Wednesday, January 8, 2014

Shelf Life [kids]

Dinosaurs on my Street by David West, 64 pages.
    
“Don’t ask me how they got here. One day everything was normal, the next, they were everywhere!  Big, scary, meat-eating ones; giant, long-necked ones; noisy trumpeting ones; spiky armored ones and packs of dangerous little ones with sharp claws…”
    
In David West’s picture book, many types of dinosaurs have suddenly appeared on a modern city street. People and their pets are awestruck as they see a huge argentinosaurus loom over tall buildings and open its mouth to reveal jaws that could swallow a car in a single gulp. A brachiosaurus stretches up to eat the plants growing in the roof gardens on some of the city’s highest apartment buildings. A diplodocus, a gigantic raptor, an omeisaurus and a fierce triceratops cruise the streets while a hungry suchomimus looks for some tasty fish in the pond of the nearby park.
    
Dinosaur fans will be entranced by the amazing artwork in this book, which, using computer-generated artwork, places various types of dinosaurs in accurate proportion and size to the buildings and people around them.
    
The full-page illustrations are accompanied by easy-to-read dinosaur facts and a helpful pronunciation guide of dinosaur names for young readers.

** Recommended for ages 4 to 7 years.

How to Demolish Dinosaurs by Catherine Leblanc, 32 pages.
    
If dinosaurs should ever terrorize your neighbourhood, there’s no need to tremble. Help is available at your public library, where you can borrow Catherine Leblanc’s guide on the art of “demolishing” those sometimes pesky and often terrifying creatures.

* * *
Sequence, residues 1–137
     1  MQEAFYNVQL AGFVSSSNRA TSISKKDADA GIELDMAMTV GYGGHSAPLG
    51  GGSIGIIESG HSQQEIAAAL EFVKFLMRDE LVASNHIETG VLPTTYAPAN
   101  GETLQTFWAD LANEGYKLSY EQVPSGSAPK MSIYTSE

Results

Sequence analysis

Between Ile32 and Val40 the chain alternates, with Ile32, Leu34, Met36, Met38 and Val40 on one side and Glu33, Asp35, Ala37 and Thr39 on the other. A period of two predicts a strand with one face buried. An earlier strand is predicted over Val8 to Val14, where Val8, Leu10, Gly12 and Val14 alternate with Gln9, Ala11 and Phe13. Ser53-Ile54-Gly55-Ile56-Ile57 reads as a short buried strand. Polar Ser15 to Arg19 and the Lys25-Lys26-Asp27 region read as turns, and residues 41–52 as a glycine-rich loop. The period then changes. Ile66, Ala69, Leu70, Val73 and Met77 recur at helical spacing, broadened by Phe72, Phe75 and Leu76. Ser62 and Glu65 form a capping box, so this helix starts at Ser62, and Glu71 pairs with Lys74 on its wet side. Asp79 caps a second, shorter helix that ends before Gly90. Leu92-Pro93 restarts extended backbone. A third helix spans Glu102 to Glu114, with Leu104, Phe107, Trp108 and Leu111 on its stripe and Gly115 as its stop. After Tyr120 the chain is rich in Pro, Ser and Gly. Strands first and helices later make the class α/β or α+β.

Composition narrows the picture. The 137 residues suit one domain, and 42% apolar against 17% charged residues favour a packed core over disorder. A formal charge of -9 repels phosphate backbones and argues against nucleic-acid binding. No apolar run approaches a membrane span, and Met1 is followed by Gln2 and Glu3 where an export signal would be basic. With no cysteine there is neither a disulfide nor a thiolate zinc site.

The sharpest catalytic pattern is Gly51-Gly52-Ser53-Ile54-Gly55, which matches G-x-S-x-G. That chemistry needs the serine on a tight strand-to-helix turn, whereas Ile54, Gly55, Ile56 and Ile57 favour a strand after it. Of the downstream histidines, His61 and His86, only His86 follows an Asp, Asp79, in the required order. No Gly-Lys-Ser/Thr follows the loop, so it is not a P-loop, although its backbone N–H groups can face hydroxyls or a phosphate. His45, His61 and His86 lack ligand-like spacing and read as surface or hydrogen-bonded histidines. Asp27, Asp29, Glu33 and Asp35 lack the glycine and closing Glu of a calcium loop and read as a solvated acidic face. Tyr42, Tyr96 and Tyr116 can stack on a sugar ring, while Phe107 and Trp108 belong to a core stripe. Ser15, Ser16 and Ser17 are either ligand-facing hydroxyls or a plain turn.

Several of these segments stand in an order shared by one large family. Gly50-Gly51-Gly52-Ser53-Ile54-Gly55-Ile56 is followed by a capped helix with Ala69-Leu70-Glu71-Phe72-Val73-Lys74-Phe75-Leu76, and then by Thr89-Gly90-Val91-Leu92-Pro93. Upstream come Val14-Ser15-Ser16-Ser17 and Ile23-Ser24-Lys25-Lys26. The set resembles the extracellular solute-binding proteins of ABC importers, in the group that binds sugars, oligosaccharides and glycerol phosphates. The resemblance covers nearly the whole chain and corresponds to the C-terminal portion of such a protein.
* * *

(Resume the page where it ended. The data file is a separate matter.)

Here are some tips about these visitors from the past. Firstly, although most dinosaurs and their teeth are enormous, their brains are not. Thus, they can often be outwitted. Secondly, most – if not all - of them are ticklish. Thirdly, if all else fails, run away as fast as you can!
     
Special advice is offered on dealing with a tyrannosaurus rex – the scariest and most terrifying of all dinosaurs. When the rex opens its immense mouth and shows its teeth, simply wad up your math homework into a ball and toss it into his monstrous mouth. When it chews the homework, the calculations will give him a” terrifying tummy ache”!
    
In rhyming prose and with tongue firmly in cheek, this fun guide will prepare the reader to face their fears and deal with any type of dinosaur in short order.
     
If only every problem could be solved so easily!

** Recommended for ages 4 to 7 years. 

This review appeared in The Stratford Gazette on January 9, 2014. Written by Sally Hengeveld, Librarian.

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